Many professing Christians do not attend church. Researchers have identified a significant and growing part of the American population that professes to be religious but has no church affiliation. This is somewhat understandable given the many abuses, scandals, fights and problems in churches. On the other hand, longheld tradition and the teaching of most churches is that Christians should attend church on a regular basis. Does the Bible teach church attendance is an obligation for the child of God?
Yes, the child of God is commanded by God to regularly attend church. God specifically commands Christians to make it a habit to go to church. “Not forsaking the assembling of ourselves together.” (Hebrews 10:25) This instruction carries the weight of an imperative, it is a command. Christians are to be a regular part of the church gathering. The problems of our world and within churches does not justify a lack of attendance. Hebrews 10 says church attendance becomes more, not less, important the closer we get to Jesus retunr.
Besides the specific command to attend church the New Testament also gives commands that a Christian can only obey by participating in the regular assembly of the believers. The Lord’s Supper is an obligation for every Christian to observe on a regular basis. The ordinance of communion is so important it was given to the twelve disciples by Jesus and later Paul was instructed by Jesus Himself concerning its keeping. (1 Corinthians 11:23) The Lord’s Supper is always a corporate event to be observed in the church gathering. For the Christian to be obedient by celebrating Communion on a regular basis he must also be be a regular part of the church gathering.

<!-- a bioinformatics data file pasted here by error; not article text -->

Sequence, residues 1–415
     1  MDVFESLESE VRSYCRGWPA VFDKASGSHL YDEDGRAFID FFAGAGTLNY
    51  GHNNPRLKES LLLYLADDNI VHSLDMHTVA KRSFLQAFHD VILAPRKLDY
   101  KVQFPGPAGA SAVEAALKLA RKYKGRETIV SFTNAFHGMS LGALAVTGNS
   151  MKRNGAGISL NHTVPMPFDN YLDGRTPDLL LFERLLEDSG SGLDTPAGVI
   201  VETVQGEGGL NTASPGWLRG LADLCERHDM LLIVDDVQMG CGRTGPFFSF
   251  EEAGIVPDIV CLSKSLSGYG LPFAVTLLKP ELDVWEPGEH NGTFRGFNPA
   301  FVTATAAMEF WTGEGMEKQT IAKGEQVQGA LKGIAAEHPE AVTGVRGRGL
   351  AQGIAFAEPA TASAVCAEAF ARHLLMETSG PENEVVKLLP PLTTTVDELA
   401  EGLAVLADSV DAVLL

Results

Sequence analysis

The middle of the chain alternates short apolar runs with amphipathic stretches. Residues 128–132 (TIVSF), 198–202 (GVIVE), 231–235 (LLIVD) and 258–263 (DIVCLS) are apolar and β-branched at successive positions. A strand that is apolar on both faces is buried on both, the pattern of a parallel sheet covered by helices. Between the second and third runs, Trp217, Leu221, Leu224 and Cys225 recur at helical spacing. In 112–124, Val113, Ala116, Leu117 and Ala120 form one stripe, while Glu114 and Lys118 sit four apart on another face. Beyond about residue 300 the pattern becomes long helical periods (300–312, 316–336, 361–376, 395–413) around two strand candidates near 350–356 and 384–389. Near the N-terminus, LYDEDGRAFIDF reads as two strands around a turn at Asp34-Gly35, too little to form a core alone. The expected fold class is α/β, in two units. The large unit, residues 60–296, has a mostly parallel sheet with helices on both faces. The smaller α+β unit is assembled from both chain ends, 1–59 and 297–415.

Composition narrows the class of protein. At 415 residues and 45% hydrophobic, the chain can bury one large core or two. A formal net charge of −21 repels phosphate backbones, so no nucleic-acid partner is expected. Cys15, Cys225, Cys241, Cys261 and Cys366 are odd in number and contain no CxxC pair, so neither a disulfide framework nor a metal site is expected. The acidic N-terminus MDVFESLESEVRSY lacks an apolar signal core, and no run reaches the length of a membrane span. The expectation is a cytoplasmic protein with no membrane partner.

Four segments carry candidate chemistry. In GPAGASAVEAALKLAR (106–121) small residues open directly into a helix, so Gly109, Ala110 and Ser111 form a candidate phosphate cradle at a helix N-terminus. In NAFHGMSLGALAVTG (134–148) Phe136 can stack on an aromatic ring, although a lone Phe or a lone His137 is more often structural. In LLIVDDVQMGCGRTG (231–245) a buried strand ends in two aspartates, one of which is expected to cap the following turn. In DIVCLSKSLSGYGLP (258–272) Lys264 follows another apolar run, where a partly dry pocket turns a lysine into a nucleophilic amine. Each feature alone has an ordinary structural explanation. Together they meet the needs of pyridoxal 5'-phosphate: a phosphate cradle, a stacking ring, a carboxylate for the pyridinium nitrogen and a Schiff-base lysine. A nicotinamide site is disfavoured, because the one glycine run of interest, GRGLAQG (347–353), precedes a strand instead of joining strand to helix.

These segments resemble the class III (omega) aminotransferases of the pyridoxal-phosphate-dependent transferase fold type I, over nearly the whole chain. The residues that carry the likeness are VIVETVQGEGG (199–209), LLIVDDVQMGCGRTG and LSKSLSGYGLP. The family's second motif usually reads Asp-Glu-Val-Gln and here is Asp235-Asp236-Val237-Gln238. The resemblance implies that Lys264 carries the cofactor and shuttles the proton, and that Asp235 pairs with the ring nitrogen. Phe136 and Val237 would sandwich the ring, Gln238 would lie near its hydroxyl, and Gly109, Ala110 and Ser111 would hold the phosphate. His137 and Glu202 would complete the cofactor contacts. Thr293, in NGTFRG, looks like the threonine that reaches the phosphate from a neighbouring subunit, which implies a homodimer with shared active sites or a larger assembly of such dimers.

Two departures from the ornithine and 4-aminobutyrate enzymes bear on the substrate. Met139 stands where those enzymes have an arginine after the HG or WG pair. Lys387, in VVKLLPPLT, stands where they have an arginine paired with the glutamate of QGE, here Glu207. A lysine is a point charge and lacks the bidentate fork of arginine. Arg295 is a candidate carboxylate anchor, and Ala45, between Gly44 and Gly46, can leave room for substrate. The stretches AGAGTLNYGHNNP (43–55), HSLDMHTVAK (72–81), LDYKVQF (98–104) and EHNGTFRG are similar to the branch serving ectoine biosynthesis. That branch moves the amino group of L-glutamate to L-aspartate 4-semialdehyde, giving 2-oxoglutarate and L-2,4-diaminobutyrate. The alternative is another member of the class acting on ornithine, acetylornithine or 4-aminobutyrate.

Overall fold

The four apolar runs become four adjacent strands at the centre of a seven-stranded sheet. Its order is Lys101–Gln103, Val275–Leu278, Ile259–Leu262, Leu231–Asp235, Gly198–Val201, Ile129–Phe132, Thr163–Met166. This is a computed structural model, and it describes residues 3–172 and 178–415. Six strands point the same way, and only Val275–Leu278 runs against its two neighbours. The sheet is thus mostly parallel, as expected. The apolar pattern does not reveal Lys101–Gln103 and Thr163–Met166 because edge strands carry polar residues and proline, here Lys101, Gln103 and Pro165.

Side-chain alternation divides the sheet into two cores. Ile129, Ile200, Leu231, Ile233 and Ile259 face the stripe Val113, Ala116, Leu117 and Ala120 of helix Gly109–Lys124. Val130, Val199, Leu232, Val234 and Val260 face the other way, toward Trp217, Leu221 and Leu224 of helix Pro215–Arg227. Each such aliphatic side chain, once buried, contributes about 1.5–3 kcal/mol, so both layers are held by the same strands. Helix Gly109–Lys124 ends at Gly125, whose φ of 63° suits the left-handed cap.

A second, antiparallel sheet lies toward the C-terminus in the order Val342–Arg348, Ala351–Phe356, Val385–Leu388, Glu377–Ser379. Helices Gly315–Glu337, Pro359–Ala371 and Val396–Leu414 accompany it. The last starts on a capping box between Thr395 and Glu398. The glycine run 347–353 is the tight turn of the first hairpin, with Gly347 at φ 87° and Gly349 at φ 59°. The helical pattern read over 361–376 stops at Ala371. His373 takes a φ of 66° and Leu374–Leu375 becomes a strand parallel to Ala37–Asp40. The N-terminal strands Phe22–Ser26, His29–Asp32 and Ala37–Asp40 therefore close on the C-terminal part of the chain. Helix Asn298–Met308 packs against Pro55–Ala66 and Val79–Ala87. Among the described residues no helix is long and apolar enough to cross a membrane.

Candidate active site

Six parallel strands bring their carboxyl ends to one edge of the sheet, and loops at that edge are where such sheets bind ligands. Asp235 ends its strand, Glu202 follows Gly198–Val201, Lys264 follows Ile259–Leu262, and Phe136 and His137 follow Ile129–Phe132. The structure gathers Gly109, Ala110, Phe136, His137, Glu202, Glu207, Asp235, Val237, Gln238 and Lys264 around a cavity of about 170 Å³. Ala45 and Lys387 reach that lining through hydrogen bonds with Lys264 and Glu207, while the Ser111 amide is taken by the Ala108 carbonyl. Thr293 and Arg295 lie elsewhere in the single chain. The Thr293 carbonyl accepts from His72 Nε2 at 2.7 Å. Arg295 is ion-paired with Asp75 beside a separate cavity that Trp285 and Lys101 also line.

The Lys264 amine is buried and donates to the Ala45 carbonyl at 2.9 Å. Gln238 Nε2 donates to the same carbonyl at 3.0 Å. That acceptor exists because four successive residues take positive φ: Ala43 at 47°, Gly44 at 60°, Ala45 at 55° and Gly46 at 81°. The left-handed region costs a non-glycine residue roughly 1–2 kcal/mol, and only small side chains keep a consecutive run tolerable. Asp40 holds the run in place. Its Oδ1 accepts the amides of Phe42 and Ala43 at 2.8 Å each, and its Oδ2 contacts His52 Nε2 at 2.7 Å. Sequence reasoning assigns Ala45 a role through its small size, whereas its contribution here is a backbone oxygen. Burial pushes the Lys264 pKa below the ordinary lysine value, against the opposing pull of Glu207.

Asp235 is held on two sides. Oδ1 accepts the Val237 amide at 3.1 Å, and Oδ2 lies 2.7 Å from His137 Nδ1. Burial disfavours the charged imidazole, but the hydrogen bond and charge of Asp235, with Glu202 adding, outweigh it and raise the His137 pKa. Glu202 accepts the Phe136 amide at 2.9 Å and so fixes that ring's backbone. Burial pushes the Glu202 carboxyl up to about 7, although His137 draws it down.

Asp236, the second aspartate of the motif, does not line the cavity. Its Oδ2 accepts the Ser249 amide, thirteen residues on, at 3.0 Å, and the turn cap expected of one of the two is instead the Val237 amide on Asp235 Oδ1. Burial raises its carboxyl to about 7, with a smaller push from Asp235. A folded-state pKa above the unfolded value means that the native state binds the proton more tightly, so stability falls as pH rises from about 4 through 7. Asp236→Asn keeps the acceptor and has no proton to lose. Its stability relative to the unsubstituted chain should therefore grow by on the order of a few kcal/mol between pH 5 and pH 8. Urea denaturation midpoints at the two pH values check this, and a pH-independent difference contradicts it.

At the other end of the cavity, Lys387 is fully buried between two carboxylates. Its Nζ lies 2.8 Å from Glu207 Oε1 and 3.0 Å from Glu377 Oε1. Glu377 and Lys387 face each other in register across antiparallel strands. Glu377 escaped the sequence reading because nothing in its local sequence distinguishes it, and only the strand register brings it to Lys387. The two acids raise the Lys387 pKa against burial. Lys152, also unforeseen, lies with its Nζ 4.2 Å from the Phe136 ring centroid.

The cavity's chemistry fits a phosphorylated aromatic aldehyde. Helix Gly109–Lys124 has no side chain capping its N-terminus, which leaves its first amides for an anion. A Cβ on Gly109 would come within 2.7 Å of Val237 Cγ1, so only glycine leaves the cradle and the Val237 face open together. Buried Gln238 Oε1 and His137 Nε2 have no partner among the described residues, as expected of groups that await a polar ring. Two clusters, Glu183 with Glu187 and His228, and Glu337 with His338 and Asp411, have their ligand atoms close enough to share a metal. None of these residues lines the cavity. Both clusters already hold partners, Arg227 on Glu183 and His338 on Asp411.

The Christian is to be active in a wide range of Christian virtues that can only be accomplished by faithful church attendance. For example, Colossians 3 commands Christians to be patient, forgiving, loving and peaceful. In that passage the commands are not given to individuals to be obeyed in isolation. They are commands given to Christians gathered together. Christians are called to have those virtues as part of a body of believers. (Colossians 3:15) Christian virtue must be exercised in the public gathering. The very next verse in Colossians continues in this corporate focus by directing the gathered church to sing together. “Let the word of Christ dwell in you richly in all wisdom; teaching and admonishing one another in psalms and hymns and spiritual songs, singing with grace in your hearts to the Lord.” (Colossians 3:16) For the Christian to practice Christian virtues in the church he must be a regular participant in the gathering of believers.
Church attendance does not save a person. Salvation is only received through faith in Jesus without any work on the part of the Christian. To conclude that because a person’s salvation is not dependent on church attendance then a Christian does not have to go to church is to completely miss the point. The Bible is full of commands that have nothing to do with salvation but are nevertheless required for the believer. God expects His children to gather together as part of a church.
Walking in the woods and worshiping God is not the same as attending church. Private prayer and personal Bible study are not the same as going to church. Watching a preacher online is not the same as being in church. Private worship, listening, study and prayer are essential, but the Bible commands the Christian to assemble. Yes, Christians must regularly assemble together as the church.